Archive | October, 2013

What do You Say to a Guy With Cancer?

31 Oct

Last weekend was the first really tough moment in the early phase of my encounter with cancer.  A last minute call from a scheduler at the interventional radiology clinic suggesting that I was having a lung biopsy (I wasn’t) and that I would require 4 days of bed rest to recover (I didn’t) really freaked me out!  Even my daily efforts at light sedation (see my previous post, Lightly Sedated) were of little use.   Fortunately my biopsy went as planned (perhaps better) and I am back to balancing mere uneasy calm with your run of the mill gut wrenching anxiety—as opposed to, say, gut wrenching anxiety with existential, paralyzing fear.

Having said that, Friday’s call has really got me thinking about the dos and don’ts of talking to someone with cancer, or at least what to say to “this guy” with cancer.  Below is a brief primer on the topic.  I hope that you will take it in the spirit in which it is intended:


Please do almost everything you’re all already doing.  I appreciate your expressions of sympathy, concern, you cheers, your good wishes, the jokes about hair and weight loss, your anecdotes about your friends and relatives who survived cancer, your suggestions of alternative therapies (which I may or may not take advantage of), your tips on how you made it through chemo, etc., etc., etc.  In truth, my family, friends, and co-workers have been wonderfully supportive and I am truly blessed with an unbelievable network of kind, caring, and decent people.  Thank you.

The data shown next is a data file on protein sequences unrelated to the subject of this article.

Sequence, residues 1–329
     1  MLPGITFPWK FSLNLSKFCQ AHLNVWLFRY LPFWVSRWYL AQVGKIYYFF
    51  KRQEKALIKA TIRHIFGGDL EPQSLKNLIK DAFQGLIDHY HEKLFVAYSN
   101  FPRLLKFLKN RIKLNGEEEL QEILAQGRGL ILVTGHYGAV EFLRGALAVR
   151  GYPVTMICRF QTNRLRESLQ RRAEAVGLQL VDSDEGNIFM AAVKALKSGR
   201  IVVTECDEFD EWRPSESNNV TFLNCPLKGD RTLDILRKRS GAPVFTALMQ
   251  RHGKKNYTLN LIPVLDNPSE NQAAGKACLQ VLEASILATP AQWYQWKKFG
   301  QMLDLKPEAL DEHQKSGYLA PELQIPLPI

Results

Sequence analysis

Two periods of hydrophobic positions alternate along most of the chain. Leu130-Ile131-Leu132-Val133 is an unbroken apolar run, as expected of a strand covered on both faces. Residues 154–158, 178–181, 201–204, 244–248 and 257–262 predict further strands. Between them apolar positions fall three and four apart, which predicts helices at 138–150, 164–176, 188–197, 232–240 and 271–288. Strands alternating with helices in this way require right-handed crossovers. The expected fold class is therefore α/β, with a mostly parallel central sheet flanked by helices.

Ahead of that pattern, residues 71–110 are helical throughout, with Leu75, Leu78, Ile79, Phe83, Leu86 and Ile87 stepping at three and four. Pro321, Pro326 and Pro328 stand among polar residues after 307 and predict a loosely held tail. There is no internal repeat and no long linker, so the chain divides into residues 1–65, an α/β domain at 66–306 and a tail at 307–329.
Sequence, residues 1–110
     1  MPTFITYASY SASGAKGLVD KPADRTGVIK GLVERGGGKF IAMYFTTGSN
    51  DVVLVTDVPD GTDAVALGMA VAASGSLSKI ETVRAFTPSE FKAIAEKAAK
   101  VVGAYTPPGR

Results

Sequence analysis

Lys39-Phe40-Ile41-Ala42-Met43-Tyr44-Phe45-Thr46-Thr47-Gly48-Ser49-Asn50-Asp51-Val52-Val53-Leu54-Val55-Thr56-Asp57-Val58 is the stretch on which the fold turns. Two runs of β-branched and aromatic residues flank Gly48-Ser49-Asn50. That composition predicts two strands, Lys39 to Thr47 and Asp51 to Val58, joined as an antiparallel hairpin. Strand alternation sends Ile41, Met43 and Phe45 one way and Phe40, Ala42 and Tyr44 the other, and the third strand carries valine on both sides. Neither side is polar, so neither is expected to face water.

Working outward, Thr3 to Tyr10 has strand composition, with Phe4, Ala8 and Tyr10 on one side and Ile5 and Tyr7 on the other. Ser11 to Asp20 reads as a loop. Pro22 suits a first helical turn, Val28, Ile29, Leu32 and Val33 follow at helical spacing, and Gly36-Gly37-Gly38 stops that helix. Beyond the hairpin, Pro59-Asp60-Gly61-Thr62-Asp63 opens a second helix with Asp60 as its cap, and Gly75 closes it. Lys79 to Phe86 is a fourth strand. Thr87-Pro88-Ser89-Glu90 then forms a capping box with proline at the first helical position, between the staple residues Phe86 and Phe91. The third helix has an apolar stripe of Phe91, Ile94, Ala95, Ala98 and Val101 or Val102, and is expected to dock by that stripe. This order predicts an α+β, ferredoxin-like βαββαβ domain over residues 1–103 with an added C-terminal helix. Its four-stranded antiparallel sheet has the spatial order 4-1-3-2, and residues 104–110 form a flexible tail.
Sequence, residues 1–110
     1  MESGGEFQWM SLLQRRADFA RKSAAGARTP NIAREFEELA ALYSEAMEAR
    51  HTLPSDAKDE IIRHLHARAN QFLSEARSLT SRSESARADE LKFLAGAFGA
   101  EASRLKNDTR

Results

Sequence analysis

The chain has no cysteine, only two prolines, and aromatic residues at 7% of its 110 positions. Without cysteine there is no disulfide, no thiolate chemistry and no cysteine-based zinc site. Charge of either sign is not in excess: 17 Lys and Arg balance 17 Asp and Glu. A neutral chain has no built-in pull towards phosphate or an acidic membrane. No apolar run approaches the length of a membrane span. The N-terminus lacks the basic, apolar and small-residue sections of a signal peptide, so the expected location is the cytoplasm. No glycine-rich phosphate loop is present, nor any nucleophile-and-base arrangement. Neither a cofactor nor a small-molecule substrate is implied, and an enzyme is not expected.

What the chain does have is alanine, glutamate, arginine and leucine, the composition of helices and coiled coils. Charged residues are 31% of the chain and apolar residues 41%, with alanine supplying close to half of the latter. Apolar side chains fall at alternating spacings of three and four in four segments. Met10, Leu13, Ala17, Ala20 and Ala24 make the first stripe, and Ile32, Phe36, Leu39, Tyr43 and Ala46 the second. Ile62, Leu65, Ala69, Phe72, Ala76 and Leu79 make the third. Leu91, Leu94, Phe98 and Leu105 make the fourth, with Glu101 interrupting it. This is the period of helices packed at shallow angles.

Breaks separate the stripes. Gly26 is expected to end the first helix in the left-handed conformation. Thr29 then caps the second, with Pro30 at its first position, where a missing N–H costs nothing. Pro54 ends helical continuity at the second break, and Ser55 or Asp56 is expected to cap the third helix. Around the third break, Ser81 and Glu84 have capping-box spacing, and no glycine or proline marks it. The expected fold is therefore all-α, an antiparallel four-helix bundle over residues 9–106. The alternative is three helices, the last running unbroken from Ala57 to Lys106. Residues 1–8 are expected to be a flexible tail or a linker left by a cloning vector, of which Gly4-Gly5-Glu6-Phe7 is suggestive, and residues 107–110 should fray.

There are really only two entries in this category.  First, don’t tear up and tell me about the aunt, uncle, mother, father, etc., who succumbed to cancer.  That really doesn’t help me.  In fact it makes my balancing act quite difficult and I can soon tilt over into the gut wrenching anxiety side of things.  Second, don’t try and assign blame. In other words, don’t try and figure out if my diet, my weight, my environment, etc. caused my lymphoma.  There are simply too many what ifs, there, and frankly I am not in the mood to be blamed for having cancer.  Indeed, if I had smoked since birth, slept in a tanning bed, driven to work in an asbestos laden car, and worked in in a nuclear reactor core I still would not want to hear anyone’s assessment of how I got cancer.  Now is a time to for fighting cancer, beating cancer, and healing.  I am surely interested in health tips that will help with that work, but please, PLEASE, keep your assessments of how I got into this mess to yourself.   Truth is, sometimes people just get cancer.

Let me just close by recognizing there is no really good way to talk to someone about their cancer.  Hallmark has yet to create the perfect card.  Frank Sinatra and The Nelson Riddle Orchestra never recorded a cancer classic, and I don’t recall Shakespeare really addressing the  topic either.  That must tell us something, yes?  And yet, most of the time my family, friends, and colleagues have found extraordinary ways to address the subject, lift my spirits, and make me feel surrounded by love.   I am extremely grateful for that.  Perhaps you guys should work on a greeting card, a classic cancer tune, or the ideal cancer sonnet.  You’ve surely got what it takes.

Thanks Again,



Cancer Joke Image



Lightly Sedated

26 Oct

Keep Calm